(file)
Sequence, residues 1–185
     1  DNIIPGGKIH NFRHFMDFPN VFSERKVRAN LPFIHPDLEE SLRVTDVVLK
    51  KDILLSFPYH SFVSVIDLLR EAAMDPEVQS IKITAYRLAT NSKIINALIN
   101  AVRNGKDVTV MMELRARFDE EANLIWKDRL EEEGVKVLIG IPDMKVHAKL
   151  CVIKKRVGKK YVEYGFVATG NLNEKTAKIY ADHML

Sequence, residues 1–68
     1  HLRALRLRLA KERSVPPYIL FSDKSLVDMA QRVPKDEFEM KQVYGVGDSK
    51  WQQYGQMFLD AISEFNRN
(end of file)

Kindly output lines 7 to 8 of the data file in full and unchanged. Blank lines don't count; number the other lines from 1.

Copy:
     1  HLRALRLRLA KERSVPPYIL FSDKSLVDMA QRVPKDEFEM KQVYGVGDSK
    51  WQQYGQMFLD AISEFNRN